Psychological Invalidation Is Abuse

Below are a few of the many ways to invalidate another: 

·    Tell a person they shouldn’t feel the way they feel

·   Demand a person to not to feel the way they feel

·   Declare a person too sensitive, too “dramatic”

·   Ignore a person’s plea to connect

·   Judge and attack the way a person feels

·   Rally others to join as you work to convince a person to believe there is something wrong with them for feeling how they feel-invoke shame and fear of abandonment

Fuck Fuck Fuck….What to do…this is the dynamic to which I will no longer consent.  My 85 year old mother, with cancer won’t budge, to tolerate any hint of a pain, I cannot contain or deny.  I no longer accept this “abuse” and from where I am today, I see only these choices.  Stay away altogether OR, well, that is all I see.  I am not able to pretend that the pain of her attachment to my ex, as a workaround to healing conflict resolution, has not been harmful to my children and emotionally traumatic.  The only offer- that I show up and pretend.

Just for today, I fucken cant, any more than my mother can say to me:  Your feelings are real and important, though I do not share or understand them.  I see how my words and behaviors alienated you and divided us.  I think begging God is not working…or it is taking too long.  She doesn’t have much time and I cannot force my own healing to come sooner than it will.  I lack the resilience to consent to even a moment more.  Very painful.

Consenting to invalidation is neither wholesome nor badass.  I am not afraid.  I am just not willing to be treated this way-in person.  I can live with being estranged from them, but not from myself.  Finding my tribe is a wholesome, badass mission.  I cannot do that when I am pretending and denying.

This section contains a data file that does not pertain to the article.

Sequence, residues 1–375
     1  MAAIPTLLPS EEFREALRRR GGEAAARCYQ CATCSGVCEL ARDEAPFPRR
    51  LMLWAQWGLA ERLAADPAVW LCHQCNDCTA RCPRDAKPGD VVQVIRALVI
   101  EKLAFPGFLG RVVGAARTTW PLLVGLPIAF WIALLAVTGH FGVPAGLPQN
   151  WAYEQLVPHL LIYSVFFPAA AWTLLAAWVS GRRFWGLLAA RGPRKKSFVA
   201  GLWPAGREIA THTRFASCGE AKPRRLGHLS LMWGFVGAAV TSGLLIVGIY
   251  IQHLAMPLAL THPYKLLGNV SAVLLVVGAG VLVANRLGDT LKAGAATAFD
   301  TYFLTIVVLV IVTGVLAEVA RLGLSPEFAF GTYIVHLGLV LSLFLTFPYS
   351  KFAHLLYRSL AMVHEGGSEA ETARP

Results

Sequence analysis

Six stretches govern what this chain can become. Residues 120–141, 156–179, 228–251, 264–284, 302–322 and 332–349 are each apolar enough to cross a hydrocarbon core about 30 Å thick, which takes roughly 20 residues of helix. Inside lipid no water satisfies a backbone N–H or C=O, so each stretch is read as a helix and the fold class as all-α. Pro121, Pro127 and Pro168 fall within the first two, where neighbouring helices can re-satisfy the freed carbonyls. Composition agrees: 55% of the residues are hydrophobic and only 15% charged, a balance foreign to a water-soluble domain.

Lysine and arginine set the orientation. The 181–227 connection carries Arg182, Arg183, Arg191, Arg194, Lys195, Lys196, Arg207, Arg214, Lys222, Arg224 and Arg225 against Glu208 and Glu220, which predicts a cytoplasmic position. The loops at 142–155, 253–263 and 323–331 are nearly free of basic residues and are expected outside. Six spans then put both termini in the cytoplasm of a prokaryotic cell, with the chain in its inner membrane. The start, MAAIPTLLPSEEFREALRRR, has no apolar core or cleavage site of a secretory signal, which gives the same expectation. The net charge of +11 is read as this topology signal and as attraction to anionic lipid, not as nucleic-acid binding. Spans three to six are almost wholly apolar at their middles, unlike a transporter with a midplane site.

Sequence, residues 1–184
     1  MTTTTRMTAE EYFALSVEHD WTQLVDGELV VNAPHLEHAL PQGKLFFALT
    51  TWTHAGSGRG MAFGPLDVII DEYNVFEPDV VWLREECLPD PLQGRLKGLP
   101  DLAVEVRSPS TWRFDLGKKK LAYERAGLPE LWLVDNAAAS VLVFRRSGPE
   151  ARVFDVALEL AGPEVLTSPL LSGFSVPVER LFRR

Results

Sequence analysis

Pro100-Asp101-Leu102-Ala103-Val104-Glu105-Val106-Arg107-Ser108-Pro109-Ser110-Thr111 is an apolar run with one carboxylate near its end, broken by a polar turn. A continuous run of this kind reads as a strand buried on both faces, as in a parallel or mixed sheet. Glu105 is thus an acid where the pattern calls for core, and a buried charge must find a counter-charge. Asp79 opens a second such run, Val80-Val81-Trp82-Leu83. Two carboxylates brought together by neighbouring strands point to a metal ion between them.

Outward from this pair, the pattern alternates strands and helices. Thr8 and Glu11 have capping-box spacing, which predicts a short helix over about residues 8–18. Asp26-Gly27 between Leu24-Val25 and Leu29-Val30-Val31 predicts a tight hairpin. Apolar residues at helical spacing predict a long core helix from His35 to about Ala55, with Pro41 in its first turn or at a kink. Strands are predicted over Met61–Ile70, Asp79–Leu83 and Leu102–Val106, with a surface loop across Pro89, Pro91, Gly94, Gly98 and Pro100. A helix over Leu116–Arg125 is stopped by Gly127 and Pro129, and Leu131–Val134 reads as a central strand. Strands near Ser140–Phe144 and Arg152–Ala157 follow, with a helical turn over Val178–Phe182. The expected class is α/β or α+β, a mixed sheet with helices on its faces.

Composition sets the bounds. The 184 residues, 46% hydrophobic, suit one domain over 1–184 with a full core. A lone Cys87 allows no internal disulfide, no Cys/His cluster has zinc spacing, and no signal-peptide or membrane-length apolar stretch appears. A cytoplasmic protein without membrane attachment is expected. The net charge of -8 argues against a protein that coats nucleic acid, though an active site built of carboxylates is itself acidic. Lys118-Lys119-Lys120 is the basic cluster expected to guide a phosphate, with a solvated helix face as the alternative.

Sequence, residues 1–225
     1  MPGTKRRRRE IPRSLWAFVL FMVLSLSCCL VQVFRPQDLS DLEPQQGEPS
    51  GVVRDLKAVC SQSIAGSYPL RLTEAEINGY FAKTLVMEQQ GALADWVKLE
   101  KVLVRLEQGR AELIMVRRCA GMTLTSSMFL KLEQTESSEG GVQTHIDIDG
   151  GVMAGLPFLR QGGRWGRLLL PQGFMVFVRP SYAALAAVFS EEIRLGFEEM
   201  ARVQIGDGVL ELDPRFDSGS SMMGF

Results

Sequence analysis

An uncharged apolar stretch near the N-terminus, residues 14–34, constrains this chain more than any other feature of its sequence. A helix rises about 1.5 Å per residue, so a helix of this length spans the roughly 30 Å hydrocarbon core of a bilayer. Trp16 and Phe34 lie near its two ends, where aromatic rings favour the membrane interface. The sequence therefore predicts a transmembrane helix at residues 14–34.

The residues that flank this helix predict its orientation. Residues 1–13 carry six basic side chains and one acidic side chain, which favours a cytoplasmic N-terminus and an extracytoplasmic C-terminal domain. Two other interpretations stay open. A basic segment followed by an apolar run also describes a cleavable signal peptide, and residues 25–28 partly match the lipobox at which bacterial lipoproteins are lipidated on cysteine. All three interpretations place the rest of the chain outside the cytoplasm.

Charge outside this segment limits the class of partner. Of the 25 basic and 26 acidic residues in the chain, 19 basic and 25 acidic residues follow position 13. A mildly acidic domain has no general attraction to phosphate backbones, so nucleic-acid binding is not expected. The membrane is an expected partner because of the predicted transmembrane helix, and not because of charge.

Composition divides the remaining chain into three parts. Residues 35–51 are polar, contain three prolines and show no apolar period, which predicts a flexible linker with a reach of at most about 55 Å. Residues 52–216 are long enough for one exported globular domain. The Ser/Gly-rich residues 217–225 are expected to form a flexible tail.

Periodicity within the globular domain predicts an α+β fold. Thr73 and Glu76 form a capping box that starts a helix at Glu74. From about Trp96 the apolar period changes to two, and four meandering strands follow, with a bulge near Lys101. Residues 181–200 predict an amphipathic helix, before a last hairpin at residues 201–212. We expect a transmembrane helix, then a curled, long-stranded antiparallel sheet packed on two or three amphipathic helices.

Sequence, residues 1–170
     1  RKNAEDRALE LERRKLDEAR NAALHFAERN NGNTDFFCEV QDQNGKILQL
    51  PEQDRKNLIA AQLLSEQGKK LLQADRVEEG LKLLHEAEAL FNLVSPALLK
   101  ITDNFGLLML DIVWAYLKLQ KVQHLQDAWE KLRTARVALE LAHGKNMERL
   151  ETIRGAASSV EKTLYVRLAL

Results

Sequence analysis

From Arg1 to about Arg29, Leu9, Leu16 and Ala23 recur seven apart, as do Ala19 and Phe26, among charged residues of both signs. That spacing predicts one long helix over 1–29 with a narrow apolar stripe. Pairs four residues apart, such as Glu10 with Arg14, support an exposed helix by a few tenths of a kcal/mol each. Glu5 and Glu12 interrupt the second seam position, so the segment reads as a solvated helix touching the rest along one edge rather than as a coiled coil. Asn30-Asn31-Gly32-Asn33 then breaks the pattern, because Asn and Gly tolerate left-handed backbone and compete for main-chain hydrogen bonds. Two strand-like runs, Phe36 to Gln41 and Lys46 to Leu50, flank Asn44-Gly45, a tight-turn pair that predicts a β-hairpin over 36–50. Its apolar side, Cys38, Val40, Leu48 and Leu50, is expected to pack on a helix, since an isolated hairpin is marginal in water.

Reposting Tom Weston’s Five Rules of Being a Grown Up, as I am still struggling with compliance issues:

The Five Rules of Being A Grown Up
By Tom Weston
1. You must not have anything wrong with you, or anything different about you.
2. If you have something wrong or different about you, you really need to correct it. You need to be able to pass under all circumstances.
3. If you can’t correct it, or change it in any way, you should just pretend that you have. It’s not a problem anymore. Good news!
4. If you can’t even pretend to have corrected the situation, you should just not show up, because it’s very painful for the rest of us to see you in your current condition.
5. If you’re going to insist on showing up, you should at least have the decency to be ashamed.

For shorter posts, connect with me on Instagram- Wholesomebadass. https://www.instagram.com/wholesomebadass/

WBA@wholesomebadass.com

Author: Wholesome BadAss

I am in a program of recovery for those whose lives have been affected by someone else's drinking, drug use, mental illness. I am new to the experiences of faith and hope and courage, qualities absent for me in proximity to my family. No Contact has been the way to keep safe from diminishing words and actions directed at me. I think I have listened for the last time to how I deserve mistreatment. By holding out for something more wholesome and loving, I have been both banished and demanded to return. I prefer serenity to proximity. I will continue with my program and faith in the best possible outcome, so long as I do my part-- to stalk GOD as if my life depends on it.

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